Detroit, MI, United States (4E Sports) – After eight years, Jim Leyland announced his resignation as manager of the Detroit Tigers but will remain with the organization in another capacity.
“It’s not goodbye, because I will be in the organization doing something,” an emotional Leyland said during a news conference at Comerica Park.
The 68-year-old Leyland informed his players of his plans after losing to the Boston Red Sox in Game 6 of the American League Championship Series.
Earlier, he also informed club president and general manager Dave Dombrowski of his decision on Sept. 7 in Kansas City.
Leyland also announced that he has accepted a different position, to be determined, with the club.
“We want to thank Jim for everything he has done over the past eight years to steer the ship and lead our ballclub to some exciting times in this town,” Tigers owner Mike Ilitch said.
“Jim has been instrumental in the franchise’s most recent success on and off the field, and we are forever grateful. We wish the best to Jim and his family in the future,” Ilitch added.
Leyland played for the Tigers’ Minor League team as a catcher and then worked as manager in its farm system. This season was his 50th in professional baseball, 22 of them managing at the big league level, the last eight in Detroit.
He built the Pittsburgh Pirates into a perennial contender on a small-market budget in the early 1990s, winning three consecutive National League East titles from 1990-92, then won a long-awaited World Series with the Florida Marlins in 1997.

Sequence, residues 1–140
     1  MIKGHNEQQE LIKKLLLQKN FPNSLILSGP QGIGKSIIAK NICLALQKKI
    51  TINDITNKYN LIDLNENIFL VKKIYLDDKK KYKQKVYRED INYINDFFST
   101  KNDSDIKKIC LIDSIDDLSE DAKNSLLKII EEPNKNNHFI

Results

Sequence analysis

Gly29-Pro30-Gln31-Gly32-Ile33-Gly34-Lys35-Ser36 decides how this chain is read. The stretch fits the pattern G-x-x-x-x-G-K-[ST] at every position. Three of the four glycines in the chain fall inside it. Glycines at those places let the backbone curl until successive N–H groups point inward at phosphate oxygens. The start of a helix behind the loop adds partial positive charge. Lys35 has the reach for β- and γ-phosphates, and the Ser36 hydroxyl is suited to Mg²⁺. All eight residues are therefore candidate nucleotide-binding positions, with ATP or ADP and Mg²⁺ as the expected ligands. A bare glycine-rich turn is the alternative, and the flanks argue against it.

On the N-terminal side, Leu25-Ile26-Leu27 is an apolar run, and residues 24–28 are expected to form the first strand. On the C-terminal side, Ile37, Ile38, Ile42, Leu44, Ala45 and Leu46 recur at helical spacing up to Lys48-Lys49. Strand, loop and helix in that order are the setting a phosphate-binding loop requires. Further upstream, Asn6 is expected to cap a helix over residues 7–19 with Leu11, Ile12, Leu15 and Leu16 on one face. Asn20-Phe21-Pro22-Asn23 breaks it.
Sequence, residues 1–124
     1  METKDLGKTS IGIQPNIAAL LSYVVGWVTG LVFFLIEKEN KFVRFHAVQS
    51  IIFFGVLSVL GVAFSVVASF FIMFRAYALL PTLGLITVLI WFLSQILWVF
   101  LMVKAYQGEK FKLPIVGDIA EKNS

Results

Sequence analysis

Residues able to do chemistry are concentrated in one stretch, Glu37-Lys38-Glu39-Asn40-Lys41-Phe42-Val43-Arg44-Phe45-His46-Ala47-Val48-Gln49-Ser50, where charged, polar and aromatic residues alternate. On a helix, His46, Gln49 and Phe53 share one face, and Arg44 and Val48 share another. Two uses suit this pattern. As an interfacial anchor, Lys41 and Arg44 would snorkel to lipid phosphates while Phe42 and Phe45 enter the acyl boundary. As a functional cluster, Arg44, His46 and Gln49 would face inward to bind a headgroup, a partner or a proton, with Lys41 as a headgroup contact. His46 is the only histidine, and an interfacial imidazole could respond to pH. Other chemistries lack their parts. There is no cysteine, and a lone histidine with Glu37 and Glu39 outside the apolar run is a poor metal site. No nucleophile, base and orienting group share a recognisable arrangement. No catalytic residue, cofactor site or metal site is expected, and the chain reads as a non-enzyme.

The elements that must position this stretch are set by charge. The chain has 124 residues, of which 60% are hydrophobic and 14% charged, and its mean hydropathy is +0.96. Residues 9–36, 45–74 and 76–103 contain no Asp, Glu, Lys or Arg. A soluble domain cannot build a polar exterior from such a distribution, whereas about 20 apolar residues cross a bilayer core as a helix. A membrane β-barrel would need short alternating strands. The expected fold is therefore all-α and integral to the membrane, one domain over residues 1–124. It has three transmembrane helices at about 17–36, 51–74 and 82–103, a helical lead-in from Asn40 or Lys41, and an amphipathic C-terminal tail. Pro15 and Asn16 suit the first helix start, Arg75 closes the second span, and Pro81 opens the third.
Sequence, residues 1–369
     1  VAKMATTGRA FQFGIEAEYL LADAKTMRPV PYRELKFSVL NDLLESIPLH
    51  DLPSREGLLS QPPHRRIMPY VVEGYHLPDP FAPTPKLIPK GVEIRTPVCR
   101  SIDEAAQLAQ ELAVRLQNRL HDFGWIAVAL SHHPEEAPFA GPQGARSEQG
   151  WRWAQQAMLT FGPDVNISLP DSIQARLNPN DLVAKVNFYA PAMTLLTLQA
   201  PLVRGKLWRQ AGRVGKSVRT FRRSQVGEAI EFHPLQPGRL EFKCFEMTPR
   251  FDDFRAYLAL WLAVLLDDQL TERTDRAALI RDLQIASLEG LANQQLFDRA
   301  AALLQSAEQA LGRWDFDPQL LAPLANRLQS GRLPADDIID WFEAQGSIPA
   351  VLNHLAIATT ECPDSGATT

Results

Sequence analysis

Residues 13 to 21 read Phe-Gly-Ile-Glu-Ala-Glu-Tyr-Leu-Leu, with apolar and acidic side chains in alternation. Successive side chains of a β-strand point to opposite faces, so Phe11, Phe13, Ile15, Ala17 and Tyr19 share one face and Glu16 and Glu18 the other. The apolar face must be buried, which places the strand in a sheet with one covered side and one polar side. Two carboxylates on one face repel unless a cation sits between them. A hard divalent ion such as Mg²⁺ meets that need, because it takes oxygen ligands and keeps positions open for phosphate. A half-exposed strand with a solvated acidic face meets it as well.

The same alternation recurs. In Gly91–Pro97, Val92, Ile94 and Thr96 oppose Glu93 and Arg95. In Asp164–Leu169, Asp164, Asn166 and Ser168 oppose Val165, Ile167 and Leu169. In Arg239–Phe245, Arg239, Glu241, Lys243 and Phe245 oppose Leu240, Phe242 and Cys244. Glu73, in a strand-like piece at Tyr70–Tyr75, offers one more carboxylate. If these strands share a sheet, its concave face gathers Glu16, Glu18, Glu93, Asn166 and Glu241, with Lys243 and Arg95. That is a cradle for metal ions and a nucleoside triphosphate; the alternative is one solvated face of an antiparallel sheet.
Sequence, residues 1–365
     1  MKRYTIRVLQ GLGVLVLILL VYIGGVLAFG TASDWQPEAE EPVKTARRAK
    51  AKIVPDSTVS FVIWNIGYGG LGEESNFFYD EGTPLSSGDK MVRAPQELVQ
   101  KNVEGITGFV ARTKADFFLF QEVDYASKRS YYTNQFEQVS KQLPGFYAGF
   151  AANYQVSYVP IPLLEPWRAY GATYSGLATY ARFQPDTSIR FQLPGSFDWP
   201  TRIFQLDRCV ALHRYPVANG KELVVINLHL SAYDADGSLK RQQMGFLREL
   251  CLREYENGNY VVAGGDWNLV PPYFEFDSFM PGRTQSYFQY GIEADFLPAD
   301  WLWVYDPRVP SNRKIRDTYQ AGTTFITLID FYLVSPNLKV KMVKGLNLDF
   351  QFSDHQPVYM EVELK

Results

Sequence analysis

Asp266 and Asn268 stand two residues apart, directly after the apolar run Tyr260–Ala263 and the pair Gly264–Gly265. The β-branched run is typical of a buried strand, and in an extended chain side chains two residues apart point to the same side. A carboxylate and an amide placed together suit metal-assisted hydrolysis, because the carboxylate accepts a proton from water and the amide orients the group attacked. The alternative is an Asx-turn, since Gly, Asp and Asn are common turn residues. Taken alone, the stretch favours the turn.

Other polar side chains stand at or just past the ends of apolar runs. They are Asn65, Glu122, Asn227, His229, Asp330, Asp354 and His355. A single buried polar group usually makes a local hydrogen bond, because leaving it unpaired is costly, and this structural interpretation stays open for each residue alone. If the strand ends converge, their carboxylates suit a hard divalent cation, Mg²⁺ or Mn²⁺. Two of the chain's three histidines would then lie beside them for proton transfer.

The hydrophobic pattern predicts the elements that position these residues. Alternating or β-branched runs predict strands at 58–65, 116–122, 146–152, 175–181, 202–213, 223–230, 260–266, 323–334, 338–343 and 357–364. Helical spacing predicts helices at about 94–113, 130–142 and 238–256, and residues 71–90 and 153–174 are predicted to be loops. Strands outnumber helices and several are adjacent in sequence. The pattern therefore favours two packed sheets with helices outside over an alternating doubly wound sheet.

After a disappointing 1999 season managing in Colorado, he stepped down and looked headed for retirement.
Leyland took the job after the 2005 season and led a Tigers team that hadn’t had a winning record since 1993. The 2006 Tigers, Leyland’s first team, won the AL Wild Card and went to the World Series, falling to the Cardinals in five games.
Leyland’s 700 regular-season managerial wins are the third-most in Tigers history, trailing only Sparky Anderson (1,331) and Jennings (1,131). His .540 winning percentage as Tigers manager ranks behind Steve O’Neill’s .551 among managers with at least 500 wins.
Leyland’s 1,769 wins overall rank 15th all-time among Major League managers. His eight playoff appearances tie him for seventh on the all-time list, a group that includes La Russa, Bobby Cox, Joe Torre and Hall of Famers Casey Stengel, John McGraw, Joe McCarthy and Connie Mack.